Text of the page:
The constitution also allows people to migrate within Uganda and settle wherever they want and this has allowed the rich, the powerful and well connected to grab land from the powerless and voiceless native peasants who have become landless and jobless and are herded in sprawling urban slums without hope of a better future under the current status quo.

The land issue has therefore become a potentially destabilizing factor in Uganda politics and economics.

After he felt he was strong, having in his view weakened Baganda, Northerners and Bairu, Museveni in 1997 announced that his mission was to create a federation of states in the Horn of Africa and the Great Lakes region under one nation which he didn’t specify leading to speculations that he meant Tutsi nation.

Museveni military engagement in the above two regions are according to some opinions designed to achieve this mission, Kashambuzi notes, clarifying that many people are not happy about what is going on including in Uganda.

Among them is Konare, a former president of Mali and chairman of the African Union. He had  this to say about Museveni in a carefully measured way: “I have lots of respect for Museveni, but I am not sure what value the Museveni experience will have for Uganda after Museveni is gone” (Howard W. French 2004).

Many more are increasingly feeling the same as things in Uganda, whatever apologists may say, are moving from bad to worse in politics, economics and all other areas, he further writes.

This is the challenge, not only for Uganda or the region, but for the entire international community.

It has been recommended that before it is too late the entire international community led by UK, UN and USA should exert pressure on Museveni to step down.

Then an all embracing transitional government be established under a collective presidency to inter alia convene a national conference to discuss and agree on how Ugandans want to be governed and then organise free and fair multi-party elections.

Failed NRM policies

According to the professor, the ruling NRM policies haven’t worked; for example, the regular elections demanded by donors have created a big problem.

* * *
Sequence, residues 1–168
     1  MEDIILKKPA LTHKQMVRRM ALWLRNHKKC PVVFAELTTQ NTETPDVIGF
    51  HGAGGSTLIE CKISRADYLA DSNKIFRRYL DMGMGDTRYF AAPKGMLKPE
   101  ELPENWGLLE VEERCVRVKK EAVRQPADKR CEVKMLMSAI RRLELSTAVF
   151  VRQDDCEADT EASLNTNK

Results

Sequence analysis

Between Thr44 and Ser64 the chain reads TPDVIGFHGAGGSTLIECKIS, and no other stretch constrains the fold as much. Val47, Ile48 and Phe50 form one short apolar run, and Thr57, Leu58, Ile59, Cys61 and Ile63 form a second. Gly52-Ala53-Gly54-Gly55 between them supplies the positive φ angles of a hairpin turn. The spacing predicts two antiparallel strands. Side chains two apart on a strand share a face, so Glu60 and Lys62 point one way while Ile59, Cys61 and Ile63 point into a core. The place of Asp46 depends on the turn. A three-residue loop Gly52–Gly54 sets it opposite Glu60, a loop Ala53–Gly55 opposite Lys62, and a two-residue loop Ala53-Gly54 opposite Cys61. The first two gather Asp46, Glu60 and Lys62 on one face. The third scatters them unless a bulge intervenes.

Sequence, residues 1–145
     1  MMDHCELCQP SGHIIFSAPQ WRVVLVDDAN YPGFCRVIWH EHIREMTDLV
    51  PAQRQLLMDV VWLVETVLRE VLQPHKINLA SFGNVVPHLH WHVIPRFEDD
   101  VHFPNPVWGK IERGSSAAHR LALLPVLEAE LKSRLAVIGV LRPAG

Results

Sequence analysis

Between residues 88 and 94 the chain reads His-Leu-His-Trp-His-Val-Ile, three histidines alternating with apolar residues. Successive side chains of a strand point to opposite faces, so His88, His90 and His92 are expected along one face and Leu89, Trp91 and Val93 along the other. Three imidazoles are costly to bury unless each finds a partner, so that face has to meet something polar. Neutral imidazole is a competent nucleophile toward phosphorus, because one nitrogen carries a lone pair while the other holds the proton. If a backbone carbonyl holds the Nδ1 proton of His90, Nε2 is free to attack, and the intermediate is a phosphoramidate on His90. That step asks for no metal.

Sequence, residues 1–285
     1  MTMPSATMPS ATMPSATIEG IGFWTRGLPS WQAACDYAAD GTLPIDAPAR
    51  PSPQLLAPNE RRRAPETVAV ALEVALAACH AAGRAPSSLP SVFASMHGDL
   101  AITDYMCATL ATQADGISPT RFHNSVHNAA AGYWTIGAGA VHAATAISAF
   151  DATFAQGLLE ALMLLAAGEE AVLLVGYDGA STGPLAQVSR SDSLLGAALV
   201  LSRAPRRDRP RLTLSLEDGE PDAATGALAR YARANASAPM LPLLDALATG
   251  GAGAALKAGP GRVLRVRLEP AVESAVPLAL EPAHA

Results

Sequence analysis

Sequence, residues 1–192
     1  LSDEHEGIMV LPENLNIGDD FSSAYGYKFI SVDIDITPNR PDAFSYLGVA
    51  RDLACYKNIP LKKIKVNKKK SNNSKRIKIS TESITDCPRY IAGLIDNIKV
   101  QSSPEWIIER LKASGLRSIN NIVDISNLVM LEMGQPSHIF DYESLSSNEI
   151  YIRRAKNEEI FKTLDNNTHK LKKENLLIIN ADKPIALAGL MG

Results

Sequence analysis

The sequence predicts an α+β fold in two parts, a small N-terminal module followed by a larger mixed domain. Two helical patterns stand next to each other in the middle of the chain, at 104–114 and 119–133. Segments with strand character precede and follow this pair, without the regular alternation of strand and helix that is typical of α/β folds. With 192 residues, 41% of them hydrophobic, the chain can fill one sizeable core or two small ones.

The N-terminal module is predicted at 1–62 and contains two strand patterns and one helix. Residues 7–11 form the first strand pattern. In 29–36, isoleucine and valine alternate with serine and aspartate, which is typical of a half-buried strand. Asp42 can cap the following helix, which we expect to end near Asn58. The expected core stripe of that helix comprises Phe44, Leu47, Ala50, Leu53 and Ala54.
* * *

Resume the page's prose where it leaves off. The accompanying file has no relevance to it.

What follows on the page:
“NRM is represented in parliament and cabinet by people from a very narrow group. We call for studies to confirm or deny this observation.”

Economic recovery programs began in 1987 have not promoted or sustained acceptable level of growth but promoted vast income inequalities.

Severe attempts to balance the budget have led to near collapse of public education and healthcare. The unemployable graduates and emerging serious diseases like cancer confirm that a lot is wrong.

The environmental damage is staggering especially the biodiversity loss. Droughts, floods, famines etc spring from the desire to vastly exploit natural resources for export purposes.

The development of apartheid that is gathering speed is sowing the seeds of bad things ahead. The lesson of South Africa should not be repeated in Uganda.

Land grabbing, separate schools and hospitals into public and private facilities are apartheid in disguise.

“Ugandans are beginning to wake up to these nasty realities and are fighting back. Their ultimate victory can only be delayed. It certainly can’t and won’t be stopped whatever the level of military strength and the secret service capacity to torture dissenters and the level of external support,” he said.

Professor Kashambuzi who is also the Secretary General of the United Democratic Ugandans (UDU), an umbrella organization of opposition political parties and organisations at home and abroad said that his organization had consistently advised Uganda legislators to go cautiously on the dual citizenship issue too because it could harm Uganda’s national security interests as more non-Ugandans became citizens under the dual citizenship arrangement.